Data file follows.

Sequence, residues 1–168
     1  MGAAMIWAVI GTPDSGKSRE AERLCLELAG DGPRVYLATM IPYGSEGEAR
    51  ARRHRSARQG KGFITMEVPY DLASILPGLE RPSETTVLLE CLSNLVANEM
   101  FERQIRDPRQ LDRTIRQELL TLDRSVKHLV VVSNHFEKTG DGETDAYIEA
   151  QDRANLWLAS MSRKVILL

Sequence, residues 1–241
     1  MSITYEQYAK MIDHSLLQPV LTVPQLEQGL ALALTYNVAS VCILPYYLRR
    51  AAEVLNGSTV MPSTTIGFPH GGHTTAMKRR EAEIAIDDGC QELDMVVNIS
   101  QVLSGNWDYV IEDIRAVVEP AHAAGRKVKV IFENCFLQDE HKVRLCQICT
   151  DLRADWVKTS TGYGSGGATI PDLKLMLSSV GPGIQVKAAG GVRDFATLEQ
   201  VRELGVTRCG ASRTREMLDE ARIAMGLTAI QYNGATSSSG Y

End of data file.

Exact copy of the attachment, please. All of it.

Sequence, residues 1–168
     1  MGAAMIWAVI GTPDSGKSRE AERLCLELAG DGPRVYLATM IPYGSEGEAR
    51  ARRHRSARQG KGFITMEVPY DLASILPGLE RPSETTVLLE CLSNLVANEM
   101  FERQIRDPRQ LDRTIRQELL TLDRSVKHLV VVSNHFEKTG DGETDAYIEA
   151  QDRANLWLAS MSRKVILL

Sequence, residues 1–241
     1  MSITYEQYAK MIDHSLLQPV LTVPQLEQGL ALALTYNVAS VCILPYYLRR
    51  AAEVLNGSTV MPSTTIGFPH GGHTTAMKRR EAEIAIDDGC QELDMVVNIS
   101  QVLSGNWDYV IEDIRAVVEP AHAAGRKVKV IFENCFLQDE HKVRLCQICT
   151  DLRADWVKTS TGYGSGGATI PDLKLMLSSV GPGIQVKAAG GVRDFATLEQ
   201  VRELGVTRCG ASRTREMLDE ARIAMGLTAI QYNGATSSSG Y